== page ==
gOran August 1st, 2011

    Nice one, i just can't wait next post about this.
    Thanks for sharing!

  3. Avatar for pete w
    pete w August 1st, 2011

    Very handy, but I think you should add a caveat: for those of us building software in SharePoint, this will not currently work (as of 8/1/2011) because SharePoint runs on .NET3.5 and Razor requires the dynamic features of .NET 4.0
    I once evaluated using Razor in a SharePoint solution and ended up using Castle NVelocity with works just as well for my needs

  4. Avatar for Ignat Andrei
    Ignat Andrei August 1st, 2011

    Sorry for being unhandy - but I search
    in Extension Manager and did not found.( neither with
    , neither with
    Does it matter that I use VSWD Express?

  5. Avatar for AlexandreJobin
    AlexandreJobin August 1st, 2011

    What is the difference between RazorGenerator & RazorEngine that we can find here: http://razorengine.codeplex.com ?
    are they doing the same thing but differently? Can i do an Email template and i render on the fly with RazorGenerator?

  6. Avatar for Marcus Swope
    Marcus Swope August 1st, 2011

    I'm guessing this is how we are going to be writing HTML5 apps that run on Windows 8?

  7. Avatar for Quentin
    Quentin August 1st, 2011

    Is it possible to use a separate layout file when generating templates this way? That always seemed to pose a hurdle with previous razor generating techniques, like the aforementioned codeplex project.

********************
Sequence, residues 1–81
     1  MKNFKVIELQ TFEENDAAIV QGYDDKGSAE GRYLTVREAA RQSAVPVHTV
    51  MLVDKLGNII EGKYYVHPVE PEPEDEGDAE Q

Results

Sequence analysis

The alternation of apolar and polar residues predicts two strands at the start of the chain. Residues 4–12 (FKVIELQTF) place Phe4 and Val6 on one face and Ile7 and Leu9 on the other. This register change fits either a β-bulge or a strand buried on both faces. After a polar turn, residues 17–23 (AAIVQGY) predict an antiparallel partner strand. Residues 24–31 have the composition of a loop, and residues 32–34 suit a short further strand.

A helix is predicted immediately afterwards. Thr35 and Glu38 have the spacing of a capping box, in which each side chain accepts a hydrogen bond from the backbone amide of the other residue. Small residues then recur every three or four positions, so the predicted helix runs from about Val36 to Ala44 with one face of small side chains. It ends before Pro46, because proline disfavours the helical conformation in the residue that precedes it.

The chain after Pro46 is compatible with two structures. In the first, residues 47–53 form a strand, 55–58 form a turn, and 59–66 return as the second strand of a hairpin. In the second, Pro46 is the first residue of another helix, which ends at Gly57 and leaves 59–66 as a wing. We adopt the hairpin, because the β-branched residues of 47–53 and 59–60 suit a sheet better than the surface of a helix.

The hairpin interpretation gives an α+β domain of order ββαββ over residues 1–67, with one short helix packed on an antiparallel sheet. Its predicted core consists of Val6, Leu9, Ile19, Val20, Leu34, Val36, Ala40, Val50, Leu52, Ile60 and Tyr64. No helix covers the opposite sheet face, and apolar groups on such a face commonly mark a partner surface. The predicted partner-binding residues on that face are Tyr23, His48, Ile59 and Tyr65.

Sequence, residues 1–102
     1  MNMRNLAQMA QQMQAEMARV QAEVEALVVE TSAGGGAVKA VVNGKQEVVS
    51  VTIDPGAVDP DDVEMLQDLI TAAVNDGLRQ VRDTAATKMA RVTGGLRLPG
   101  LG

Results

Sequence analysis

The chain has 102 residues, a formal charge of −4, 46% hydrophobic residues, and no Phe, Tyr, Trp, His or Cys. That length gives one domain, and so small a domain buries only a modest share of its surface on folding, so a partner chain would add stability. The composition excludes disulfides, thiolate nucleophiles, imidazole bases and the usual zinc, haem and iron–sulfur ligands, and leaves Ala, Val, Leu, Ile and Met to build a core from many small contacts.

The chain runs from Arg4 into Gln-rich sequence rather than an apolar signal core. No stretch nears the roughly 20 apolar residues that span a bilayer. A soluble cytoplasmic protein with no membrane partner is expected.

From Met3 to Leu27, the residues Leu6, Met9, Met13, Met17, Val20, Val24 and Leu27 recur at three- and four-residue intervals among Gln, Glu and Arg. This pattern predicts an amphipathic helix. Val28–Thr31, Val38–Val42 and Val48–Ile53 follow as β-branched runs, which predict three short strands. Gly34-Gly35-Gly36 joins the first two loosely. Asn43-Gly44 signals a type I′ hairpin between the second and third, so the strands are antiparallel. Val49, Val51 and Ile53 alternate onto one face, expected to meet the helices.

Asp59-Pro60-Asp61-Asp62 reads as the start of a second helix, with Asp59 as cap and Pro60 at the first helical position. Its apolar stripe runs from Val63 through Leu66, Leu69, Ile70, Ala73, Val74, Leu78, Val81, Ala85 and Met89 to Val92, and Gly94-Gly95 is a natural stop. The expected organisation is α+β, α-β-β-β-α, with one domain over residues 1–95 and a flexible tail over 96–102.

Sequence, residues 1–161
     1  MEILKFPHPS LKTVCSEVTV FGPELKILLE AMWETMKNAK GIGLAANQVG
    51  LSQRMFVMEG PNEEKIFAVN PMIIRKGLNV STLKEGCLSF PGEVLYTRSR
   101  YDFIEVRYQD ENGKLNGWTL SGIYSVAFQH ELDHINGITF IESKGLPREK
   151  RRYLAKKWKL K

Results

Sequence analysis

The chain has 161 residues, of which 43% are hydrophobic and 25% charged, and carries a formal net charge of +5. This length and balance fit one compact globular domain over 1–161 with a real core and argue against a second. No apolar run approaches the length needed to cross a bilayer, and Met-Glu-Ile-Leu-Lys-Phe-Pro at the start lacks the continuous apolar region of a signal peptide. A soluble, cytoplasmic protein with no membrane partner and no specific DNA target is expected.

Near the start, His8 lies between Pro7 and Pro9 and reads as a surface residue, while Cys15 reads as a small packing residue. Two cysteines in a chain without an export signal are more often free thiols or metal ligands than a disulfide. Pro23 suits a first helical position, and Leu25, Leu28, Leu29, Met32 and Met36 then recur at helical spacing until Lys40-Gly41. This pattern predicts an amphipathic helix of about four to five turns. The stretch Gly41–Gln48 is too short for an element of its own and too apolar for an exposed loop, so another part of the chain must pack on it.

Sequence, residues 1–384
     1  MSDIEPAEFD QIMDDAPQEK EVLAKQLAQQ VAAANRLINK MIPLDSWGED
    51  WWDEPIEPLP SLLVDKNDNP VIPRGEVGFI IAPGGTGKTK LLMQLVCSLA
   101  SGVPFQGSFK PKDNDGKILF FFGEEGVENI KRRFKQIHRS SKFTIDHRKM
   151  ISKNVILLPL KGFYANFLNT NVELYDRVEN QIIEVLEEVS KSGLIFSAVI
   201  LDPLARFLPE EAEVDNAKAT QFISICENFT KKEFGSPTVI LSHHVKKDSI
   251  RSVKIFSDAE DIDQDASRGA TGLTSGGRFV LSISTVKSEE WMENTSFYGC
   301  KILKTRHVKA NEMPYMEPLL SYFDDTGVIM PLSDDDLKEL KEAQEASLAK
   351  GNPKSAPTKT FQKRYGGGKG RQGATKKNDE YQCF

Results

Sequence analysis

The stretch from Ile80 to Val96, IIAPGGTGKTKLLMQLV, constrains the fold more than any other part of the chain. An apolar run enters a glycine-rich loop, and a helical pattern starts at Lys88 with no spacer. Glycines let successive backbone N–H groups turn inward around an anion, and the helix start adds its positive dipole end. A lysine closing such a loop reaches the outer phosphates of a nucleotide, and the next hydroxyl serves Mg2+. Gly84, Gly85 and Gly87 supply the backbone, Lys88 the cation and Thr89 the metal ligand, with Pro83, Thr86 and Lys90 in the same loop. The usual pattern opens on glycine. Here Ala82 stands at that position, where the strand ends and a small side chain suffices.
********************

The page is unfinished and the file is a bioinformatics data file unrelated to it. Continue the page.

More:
8. Avatar for sab
    sab August 2nd, 2011

    I could not find the package

  9. Avatar for Buildstarted
    Buildstarted August 2nd, 2011

    Alexandre, the difference is that this is a precompiled method while the RazorEngine compiles on the fly. The RazorEngine allows you to pull views from alternate locations that can be modified if necessary. This particular method just compiles them ahead of time.

  10. Avatar for Buildstarted
    Buildstarted August 2nd, 2011

    Ignat, visualstudiogallery.msdn.microsoft.com
    Sab, you're looking for "PrecompiledMvcViewEngine" instead. nuget.org/List/Packages/PrecompiledMvcViewEngine

  11. Avatar for David Ebbo
    David Ebbo August 2nd, 2011

    @tomas: see the code in http://nugetdocs.codeplex.com/ for details on how the nuget doc site works.

  12. Avatar for David Ebbo
    David Ebbo August 2nd, 2011

    @pete_w: the 4.0 requirement is a general Razor engine thing, and not specific to RazorGenerator.
    @Ignat: VS express indeed does not support most extensions, so it won't work there.

  13. Avatar for David Ebbo
    David Ebbo August 2nd, 2011